In other races, Ray said, “there’s definitely going to be wedge uses of guns in primaries and general elections.”
The steady release of anti-Planned Parenthood videos by the Center for Medical Progress put some red state Democrats on the defense and made the organization an easy target for Republicans.
But, the issue of reproductive health care is one that Walsh expects Democrats to turn against his party’s candidates. That effort to perpetuate the notion that the Grand Old Party is anti-women would be harder to counter with Trump at the top of the ticket, he said.
“I don’t necessarily think the video will be the issue, but I think Democrats will make the case that Republicans are trying to take away access to women’s health care,” Walsh said. Pointing to some of the most vulnerable senators on the ballot, he added, “I have a lot of confidence in folks like Rob Portman, Pat Toomey and Kelly Ayotte to rebut that.” Adrianne Marsh, a Democratic consultant, said she thinks Republicans have lost ground in the debate around reproductive rights and the videos give them a safe way to talk about the issue. But Marsh said she also thinks that in the end, most voters are more concerned about security and the economy.
“Reproductive rights are a double-edged sword for Republicans. They need to be able to let their base know that they’re still fighting this battle, but not to the point that independent voters think the Republican Party is still trying to take away birth control,” she said. “At the end of the day, both parties will stick to their usual positions on this issue and not a whole lot will likely change.”
Trump is right about one thing: Nearly as soon as he descended down his gold escalator to a stage to announce his presidency in June, the issue of immigration rose to the national conversation.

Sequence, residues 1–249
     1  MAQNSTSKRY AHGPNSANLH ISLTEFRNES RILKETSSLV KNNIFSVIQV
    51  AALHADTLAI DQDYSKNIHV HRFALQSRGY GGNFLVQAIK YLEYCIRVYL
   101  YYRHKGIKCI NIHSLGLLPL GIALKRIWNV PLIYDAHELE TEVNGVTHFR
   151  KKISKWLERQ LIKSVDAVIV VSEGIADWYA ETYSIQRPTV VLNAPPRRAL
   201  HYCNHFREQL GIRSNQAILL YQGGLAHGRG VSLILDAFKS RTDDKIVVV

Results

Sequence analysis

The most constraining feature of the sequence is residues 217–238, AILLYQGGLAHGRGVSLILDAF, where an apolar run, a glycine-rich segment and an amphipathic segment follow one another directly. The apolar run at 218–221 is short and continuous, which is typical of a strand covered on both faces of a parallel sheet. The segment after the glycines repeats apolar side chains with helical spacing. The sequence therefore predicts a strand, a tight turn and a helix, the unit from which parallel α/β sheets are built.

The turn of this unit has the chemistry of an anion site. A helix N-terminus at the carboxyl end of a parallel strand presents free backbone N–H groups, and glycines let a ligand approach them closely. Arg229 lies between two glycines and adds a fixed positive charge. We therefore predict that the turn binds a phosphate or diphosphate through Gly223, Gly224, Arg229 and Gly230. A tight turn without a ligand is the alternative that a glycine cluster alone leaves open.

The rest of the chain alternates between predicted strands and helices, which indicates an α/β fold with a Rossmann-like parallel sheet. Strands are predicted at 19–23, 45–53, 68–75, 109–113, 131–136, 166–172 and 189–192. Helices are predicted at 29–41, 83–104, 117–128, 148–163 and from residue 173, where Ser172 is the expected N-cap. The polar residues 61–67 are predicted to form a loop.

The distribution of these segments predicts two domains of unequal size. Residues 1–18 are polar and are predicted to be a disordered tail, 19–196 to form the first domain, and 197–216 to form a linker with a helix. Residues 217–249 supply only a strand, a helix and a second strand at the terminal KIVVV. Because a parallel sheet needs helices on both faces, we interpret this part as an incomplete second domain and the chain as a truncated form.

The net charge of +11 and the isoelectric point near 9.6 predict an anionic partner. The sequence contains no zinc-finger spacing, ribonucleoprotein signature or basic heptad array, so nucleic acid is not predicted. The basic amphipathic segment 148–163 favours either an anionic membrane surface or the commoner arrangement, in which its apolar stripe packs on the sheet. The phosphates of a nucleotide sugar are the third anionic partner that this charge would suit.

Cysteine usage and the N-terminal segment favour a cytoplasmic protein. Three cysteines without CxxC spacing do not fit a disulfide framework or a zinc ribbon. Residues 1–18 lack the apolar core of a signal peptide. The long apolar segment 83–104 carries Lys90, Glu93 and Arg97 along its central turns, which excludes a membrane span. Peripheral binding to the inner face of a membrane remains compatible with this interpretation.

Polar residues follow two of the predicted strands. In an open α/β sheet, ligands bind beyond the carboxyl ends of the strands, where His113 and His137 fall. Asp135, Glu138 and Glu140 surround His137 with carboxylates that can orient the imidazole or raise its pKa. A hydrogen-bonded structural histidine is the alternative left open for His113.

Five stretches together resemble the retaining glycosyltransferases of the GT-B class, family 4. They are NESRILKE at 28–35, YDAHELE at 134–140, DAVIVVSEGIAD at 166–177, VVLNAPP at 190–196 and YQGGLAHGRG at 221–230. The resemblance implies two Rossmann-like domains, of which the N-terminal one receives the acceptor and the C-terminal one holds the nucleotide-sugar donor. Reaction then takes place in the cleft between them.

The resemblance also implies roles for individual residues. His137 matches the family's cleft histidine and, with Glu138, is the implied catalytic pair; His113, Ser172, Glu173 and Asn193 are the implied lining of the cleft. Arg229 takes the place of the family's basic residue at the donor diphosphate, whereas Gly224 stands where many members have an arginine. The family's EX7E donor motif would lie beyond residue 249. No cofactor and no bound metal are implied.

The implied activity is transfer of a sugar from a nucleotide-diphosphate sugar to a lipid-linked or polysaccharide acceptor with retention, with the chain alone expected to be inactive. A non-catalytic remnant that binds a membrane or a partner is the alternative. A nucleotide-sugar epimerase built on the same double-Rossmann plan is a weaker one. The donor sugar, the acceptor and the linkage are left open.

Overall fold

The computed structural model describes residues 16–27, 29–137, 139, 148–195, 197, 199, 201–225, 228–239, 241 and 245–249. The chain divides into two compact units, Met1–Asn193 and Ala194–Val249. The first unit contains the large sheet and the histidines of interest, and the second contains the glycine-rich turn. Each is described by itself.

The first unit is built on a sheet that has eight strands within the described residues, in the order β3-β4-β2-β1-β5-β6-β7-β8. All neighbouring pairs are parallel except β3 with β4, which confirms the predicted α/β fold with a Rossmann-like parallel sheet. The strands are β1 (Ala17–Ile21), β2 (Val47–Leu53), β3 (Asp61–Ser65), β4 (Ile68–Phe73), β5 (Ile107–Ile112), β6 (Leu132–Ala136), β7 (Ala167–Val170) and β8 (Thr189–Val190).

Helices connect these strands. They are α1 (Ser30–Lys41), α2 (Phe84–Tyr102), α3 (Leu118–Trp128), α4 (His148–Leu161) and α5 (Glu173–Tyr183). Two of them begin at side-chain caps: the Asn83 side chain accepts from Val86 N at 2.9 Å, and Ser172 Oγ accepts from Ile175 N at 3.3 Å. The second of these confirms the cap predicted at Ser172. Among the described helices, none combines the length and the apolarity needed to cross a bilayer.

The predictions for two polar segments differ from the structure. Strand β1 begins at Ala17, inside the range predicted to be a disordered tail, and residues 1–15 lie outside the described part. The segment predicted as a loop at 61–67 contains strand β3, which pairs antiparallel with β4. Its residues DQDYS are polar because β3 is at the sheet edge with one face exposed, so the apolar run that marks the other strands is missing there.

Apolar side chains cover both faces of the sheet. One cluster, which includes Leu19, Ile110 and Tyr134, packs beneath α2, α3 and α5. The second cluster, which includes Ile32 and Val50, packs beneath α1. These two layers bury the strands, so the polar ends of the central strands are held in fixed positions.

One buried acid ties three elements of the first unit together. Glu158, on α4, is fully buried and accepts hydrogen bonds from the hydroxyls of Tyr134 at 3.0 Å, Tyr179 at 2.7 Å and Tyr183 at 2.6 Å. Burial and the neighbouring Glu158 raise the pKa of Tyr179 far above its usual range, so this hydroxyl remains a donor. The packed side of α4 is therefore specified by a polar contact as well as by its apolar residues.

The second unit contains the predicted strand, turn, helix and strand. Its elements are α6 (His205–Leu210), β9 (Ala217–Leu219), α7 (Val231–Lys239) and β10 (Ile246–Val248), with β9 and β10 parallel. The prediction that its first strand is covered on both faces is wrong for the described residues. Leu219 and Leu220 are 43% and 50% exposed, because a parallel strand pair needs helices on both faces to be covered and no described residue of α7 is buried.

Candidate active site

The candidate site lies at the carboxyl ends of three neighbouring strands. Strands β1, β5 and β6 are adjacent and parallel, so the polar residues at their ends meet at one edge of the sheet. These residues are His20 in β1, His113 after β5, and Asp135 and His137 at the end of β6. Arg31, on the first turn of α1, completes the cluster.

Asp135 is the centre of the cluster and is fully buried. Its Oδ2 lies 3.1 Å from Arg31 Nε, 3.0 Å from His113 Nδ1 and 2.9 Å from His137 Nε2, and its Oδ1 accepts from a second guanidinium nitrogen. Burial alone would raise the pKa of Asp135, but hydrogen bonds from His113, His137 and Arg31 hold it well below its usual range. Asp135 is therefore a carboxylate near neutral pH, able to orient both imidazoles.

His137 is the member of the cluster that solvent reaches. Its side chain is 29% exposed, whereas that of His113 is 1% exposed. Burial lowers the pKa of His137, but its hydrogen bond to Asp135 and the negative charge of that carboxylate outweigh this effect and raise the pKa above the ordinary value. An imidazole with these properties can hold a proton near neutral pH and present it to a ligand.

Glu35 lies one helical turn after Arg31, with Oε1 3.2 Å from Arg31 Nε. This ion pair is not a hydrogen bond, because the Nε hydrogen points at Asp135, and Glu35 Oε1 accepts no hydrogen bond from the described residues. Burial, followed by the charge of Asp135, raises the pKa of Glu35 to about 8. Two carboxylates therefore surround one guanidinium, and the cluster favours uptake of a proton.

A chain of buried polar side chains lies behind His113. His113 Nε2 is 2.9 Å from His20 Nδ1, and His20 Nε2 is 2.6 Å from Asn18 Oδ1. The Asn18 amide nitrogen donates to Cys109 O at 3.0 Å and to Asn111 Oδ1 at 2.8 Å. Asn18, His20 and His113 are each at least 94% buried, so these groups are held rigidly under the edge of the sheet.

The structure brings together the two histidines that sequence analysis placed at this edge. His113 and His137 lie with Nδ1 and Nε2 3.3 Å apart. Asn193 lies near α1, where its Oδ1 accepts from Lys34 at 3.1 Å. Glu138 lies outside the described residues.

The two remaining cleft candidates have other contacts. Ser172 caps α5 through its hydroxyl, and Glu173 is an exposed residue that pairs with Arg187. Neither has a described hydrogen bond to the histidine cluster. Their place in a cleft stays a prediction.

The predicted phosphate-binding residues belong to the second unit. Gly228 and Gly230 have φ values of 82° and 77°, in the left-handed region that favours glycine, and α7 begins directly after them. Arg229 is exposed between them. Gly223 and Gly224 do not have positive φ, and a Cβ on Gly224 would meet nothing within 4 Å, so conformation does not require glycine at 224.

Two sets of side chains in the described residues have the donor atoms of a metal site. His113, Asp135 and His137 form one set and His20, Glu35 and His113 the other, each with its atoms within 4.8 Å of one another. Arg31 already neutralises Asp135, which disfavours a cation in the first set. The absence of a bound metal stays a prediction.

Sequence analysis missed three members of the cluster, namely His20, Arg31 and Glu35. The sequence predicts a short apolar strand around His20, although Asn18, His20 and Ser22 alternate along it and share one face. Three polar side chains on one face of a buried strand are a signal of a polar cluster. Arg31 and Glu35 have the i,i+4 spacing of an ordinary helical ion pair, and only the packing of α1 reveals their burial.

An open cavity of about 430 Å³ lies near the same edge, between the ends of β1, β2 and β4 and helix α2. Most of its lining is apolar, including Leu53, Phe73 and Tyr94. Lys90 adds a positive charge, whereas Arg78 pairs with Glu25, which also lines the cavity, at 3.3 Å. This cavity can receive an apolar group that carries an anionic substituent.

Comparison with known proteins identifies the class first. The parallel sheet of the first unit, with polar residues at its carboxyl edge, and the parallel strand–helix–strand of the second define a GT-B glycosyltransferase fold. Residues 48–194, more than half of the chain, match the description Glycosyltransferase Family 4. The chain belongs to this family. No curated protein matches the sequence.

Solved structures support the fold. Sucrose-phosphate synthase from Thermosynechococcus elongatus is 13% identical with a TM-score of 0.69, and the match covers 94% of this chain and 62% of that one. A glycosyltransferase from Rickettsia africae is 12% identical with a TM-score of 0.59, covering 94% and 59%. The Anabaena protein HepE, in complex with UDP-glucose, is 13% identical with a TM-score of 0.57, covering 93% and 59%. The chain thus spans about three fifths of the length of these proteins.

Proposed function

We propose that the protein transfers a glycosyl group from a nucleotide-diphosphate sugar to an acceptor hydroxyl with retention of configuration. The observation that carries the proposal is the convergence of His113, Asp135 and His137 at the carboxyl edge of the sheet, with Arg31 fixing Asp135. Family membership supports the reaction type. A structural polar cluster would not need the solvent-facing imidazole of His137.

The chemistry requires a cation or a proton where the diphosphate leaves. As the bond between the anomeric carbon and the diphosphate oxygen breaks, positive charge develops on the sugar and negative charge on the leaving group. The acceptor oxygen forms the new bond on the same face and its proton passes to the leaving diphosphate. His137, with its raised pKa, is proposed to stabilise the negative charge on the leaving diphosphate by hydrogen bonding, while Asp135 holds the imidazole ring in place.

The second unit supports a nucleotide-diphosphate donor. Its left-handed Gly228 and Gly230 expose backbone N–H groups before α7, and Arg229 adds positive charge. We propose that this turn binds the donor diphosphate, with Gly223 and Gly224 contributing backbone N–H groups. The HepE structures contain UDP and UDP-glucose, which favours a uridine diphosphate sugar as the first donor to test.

With his comments about Mexican immigrants, a wall he said he will make Mexico pay for and his proposal to prevent Muslims from entering the country, the issue will undoubtedly be at play up and down the ballot.
“I think immigration reform is going to be a very big issue next year, particularly if Cruz or Trump are the nominee,” said Walsh.
Ray said he expected immigration “to be litigated fairly heavily” in the primary and general election campaigns in states like Colorado and Nevada, and like Walsh, even more with the wrong kind of presidential nominee at the top of the ticket.
Education Ray said one of the sleeper issues that quietly moved in 2015 is education, particularly – but not exclusively – in some of the most competitive governors races and in Republican primaries over the divide over Common Core and local education policies.
“In states like Florida, state-based policies around federal issues could trickle up into the Senate race and even the presidential. When presidential campaigns swing into a state, it’s issues like education that candidates need to be prepared to talk about because the local nuances can catch them off guard. Education is far from a one-size-fits-all topic and, based on the policies of governors like Rick Scott, this issue could really bubble up,” Marsh said.
In federal races, Ray said the issue could rise because of proposals to eliminate the federal Department of Education, where “you’re talking about thousands of teachers and textbooks in each congressional district,” along with the number of millennials voting who are dealing with student loans. “There’s going to be a lot of student debt taking out ballots this cycle. So for them, when you talk about student loan reform, you’re talking about a pocketbook issue,” he said.